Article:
According to another finding in this study, cognitive impairment scores for patients aged ± 65 years did not significantly differ from those for patients aged < 65 years; the average SMMT score of patients aged > 65 years was 19.13 ± 7.21. In one study, the SMMT score of elderly patients aged ± 65 years was 21.4 ± 5.6 . In a study conducted on patients aged ± 60 years, the average SMMT score was 22.05 ± 7.46 . According to another study, the SMMT score was 27.34 ± 0.92 for patients aged 65-74 years, whereas it was 25.65 ± 1.20 for those aged 75-88 . Compared with other studies, cognitive impairment scores were lower in this study, reflecting higher cognitive impairment in patients aged ± 65 years; this could be related to the fact that these patients had a chronic illness, such as cerebrovascular or cardiac disease, that negatively affected the functioning of the brain.
Another important finding in the study was that cerebrovascular and cardiac diseases are significantly more in patients aged ± 65 years than in those aged < 65 years. Some studies have shown that cognitive impairment is present in patients who have had strokes [23,24]. Studies conducted on patients who have had a stroke have revealed atrial fibrillation to be a risk factor for dementia after stroke [24,25]. Likewise, studies that investigated the relationship between heart failure and dementia have shown that atrial fibrillation is an important risk factor [26,27]. Both diseases reduce cerebral perfusion and severely impair the patient's cognitive functions in the presence of atrial fibrillation.
Several studies have reported diabetes to be a risk factor for dementia [6,26,28]; however, no significant difference was found between the average SMMT scores of patients with and without diabetes in this study. According to some studies, insulin use, insulin resistance and diabetic neuropathy are important risk factors for dementia [6,28,29]. Therefore, when assessing cognitive functions in patients with diabetes, determining the risk factors is important to maintain cognitive functions at a healthy level so as to take precautions early.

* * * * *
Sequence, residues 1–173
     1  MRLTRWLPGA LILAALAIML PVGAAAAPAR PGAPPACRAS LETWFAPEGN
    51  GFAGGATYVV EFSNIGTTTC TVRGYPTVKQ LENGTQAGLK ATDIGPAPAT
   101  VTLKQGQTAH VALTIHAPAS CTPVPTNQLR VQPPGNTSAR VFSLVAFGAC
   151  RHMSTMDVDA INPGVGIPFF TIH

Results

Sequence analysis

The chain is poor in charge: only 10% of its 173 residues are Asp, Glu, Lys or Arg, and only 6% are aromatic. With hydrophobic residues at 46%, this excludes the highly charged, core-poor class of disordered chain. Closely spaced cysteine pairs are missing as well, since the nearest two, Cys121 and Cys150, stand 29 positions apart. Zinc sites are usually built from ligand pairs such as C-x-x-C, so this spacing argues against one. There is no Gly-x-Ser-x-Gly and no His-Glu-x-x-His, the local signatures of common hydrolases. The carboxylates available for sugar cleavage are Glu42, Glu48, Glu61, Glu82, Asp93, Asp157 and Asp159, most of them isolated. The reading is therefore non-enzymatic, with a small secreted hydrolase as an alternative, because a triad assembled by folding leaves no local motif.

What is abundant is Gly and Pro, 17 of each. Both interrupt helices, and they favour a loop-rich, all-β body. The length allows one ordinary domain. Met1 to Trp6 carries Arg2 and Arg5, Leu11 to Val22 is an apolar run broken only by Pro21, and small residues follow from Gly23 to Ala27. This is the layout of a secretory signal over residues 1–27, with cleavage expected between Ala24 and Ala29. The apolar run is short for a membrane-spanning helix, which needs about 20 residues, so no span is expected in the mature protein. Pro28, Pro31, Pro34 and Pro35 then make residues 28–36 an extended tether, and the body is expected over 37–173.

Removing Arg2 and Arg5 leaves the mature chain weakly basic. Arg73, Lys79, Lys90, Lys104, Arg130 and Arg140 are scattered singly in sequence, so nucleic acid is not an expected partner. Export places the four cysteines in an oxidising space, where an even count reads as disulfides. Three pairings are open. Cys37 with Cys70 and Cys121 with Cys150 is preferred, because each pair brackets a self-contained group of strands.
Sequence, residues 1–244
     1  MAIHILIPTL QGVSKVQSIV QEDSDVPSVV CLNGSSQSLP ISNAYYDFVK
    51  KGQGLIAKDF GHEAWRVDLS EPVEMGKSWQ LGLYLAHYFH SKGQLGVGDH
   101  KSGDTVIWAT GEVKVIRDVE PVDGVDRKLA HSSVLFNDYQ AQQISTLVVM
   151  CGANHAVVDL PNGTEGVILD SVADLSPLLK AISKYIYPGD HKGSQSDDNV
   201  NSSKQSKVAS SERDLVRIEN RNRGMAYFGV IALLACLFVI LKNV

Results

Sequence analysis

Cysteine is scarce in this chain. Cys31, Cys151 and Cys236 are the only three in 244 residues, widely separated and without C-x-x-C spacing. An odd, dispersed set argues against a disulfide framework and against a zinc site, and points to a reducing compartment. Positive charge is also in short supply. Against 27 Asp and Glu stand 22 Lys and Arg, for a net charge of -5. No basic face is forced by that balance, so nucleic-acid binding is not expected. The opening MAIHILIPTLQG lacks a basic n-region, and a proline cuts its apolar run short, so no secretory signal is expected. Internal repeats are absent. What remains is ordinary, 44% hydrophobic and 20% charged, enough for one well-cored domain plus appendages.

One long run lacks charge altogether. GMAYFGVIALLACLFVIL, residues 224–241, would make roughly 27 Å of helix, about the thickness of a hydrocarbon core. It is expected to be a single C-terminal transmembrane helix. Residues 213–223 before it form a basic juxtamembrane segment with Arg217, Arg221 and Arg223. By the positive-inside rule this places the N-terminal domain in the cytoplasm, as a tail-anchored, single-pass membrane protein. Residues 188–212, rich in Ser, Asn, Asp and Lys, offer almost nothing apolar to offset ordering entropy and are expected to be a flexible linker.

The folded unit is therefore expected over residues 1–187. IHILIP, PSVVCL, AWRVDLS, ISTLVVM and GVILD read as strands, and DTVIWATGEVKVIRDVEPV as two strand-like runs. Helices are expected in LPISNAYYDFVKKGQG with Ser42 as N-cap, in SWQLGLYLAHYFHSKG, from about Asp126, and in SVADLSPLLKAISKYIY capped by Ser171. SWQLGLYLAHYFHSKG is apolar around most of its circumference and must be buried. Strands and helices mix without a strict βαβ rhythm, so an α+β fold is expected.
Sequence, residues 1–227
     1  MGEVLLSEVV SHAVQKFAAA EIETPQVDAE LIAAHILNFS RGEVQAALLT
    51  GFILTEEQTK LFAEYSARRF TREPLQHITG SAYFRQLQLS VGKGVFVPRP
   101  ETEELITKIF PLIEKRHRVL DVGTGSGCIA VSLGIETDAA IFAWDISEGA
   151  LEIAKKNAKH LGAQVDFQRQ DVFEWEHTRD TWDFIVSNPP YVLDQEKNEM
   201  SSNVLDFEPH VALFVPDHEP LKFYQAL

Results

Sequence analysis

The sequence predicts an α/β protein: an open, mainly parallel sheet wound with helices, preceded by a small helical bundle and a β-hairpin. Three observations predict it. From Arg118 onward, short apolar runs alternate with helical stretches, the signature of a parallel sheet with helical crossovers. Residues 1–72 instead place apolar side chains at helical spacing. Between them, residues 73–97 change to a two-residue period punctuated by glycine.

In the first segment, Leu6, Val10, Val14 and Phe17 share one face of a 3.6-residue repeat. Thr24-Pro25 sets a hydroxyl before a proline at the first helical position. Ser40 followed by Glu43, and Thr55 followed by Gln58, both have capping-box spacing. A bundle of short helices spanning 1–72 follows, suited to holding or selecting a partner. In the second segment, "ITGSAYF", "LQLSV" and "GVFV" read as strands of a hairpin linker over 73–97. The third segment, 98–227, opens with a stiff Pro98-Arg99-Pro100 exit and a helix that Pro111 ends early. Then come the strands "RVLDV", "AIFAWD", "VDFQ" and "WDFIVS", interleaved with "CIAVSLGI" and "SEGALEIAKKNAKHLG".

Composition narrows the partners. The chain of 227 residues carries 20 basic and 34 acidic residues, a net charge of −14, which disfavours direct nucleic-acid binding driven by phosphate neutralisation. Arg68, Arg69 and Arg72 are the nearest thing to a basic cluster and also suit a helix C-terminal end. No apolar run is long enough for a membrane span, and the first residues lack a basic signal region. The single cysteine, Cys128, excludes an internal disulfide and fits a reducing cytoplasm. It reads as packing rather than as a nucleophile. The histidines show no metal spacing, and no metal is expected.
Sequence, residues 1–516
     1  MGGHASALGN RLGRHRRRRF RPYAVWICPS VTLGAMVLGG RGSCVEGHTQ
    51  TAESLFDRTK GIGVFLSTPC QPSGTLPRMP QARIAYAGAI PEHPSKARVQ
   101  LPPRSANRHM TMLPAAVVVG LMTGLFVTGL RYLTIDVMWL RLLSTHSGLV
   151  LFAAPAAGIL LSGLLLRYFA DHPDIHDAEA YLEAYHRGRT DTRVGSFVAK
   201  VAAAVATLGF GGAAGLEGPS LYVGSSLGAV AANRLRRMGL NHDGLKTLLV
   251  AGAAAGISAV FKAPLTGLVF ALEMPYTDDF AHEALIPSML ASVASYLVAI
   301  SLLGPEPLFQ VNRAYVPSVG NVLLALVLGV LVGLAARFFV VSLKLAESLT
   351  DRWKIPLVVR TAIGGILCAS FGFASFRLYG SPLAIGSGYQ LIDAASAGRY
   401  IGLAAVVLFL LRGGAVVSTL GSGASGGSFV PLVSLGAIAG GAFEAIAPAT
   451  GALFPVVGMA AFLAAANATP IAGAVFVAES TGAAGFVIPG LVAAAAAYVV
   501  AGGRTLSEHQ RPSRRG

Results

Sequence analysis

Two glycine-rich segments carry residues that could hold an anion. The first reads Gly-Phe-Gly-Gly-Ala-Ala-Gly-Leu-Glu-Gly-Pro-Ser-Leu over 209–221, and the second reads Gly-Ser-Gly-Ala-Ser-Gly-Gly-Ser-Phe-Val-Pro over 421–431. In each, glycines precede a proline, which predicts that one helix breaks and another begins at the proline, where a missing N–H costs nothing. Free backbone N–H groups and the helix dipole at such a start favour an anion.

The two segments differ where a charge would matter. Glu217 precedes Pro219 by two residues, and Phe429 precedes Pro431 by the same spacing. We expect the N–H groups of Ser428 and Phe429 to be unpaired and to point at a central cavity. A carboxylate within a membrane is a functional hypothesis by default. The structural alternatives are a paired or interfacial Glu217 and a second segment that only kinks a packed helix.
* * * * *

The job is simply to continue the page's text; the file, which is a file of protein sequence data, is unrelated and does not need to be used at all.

In the present study, we found that having a low level of education, increasing age, and having severe level of care dependency of patients were significantly associated with the SMMT scores of patients. These findings were consistent with the studies in Brazil, Malaysia, China and Poland in which the cognitive impairment was increased with older age and low level of education [5,30-32]. According to Millan-Calenti, et al. , cognitive impairment can be a predictor for functional dependency on activities of daily living. In another study, it was found that cognitive performance was the only predictive variable of functional incapacity for the activities of daily living .
Cognitive impairment was found in 58.4% of patients and was more common in patients aged ± 65 years than in those aged < 65 years. These cognitive impairments were observed in orientation, language, recalling and attention. The sample of this study consisted of patients hospitalized in the neurology service. Only 46.9% of patients had a neurological problem including cerebrovascular disease, 53.1% of them had no a neurological problem. But they had diseases, such as diabetes mellitus, hypertension and cardiac disease affecting the neurological system, disrupting or slowing the blood circulation in the brain. In the present study, another important finding was also that cerebrovascular and cardiac diseases are two important risk factors affecting cognitive impairment in patients aged ± 65 years. In line with these results, we recommend that nurses should assess cognitive impairment in inpatients aged ± 65 years, hospitalised in neurology service, and/or had a chronic disease so as to provide appropriate care to these patients and that patients' discharge plan should include training on this issue.
Some limitations of our study were that it was a cross-sectional study; no detailed scales were used to evaluate cognitive functions, except SMMT and only in patients who were treated in neurology clinics were included and, therefore, our results are only generalisable to this group.
The authors report no conflicts of interest.